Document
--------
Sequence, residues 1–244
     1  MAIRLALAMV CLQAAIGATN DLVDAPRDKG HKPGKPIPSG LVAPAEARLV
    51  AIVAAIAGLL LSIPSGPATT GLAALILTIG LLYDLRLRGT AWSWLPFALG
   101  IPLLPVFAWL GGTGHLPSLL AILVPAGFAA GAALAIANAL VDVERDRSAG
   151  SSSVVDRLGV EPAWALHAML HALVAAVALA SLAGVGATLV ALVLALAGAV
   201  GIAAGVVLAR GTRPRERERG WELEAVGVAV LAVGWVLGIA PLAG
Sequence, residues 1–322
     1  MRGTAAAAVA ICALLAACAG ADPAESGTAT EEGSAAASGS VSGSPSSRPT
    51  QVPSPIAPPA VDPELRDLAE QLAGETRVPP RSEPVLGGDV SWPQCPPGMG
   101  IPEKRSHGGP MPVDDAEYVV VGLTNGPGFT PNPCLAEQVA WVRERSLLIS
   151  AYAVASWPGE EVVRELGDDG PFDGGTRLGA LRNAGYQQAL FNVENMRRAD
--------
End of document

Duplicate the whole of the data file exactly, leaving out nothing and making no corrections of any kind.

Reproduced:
Sequence, residues 1–244
     1  MAIRLALAMV CLQAAIGATN DLVDAPRDKG HKPGKPIPSG LVAPAEARLV
    51  AIVAAIAGLL LSIPSGPATT GLAALILTIG LLYDLRLRGT AWSWLPFALG
   101  IPLLPVFAWL GGTGHLPSLL AILVPAGFAA GAALAIANAL VDVERDRSAG
   151  SSSVVDRLGV EPAWALHAML HALVAAVALA SLAGVGATLV ALVLALAGAV
   201  GIAAGVVLAR GTRPRERERG WELEAVGVAV LAVGWVLGIA PLAG
Sequence, residues 1–322
     1  MRGTAAAAVA ICALLAACAG ADPAESGTAT EEGSAAASGS VSGSPSSRPT
    51  QVPSPIAPPA VDPELRDLAE QLAGETRVPP RSEPVLGGDV SWPQCPPGMG
   101  IPEKRSHGGP MPVDDAEYVV VGLTNGPGFT PNPCLAEQVA WVRERSLLIS
   151  AYAVASWPGE EVVRELGDDG PFDGGTRLGA LRNAGYQQAL FNVENMRRAD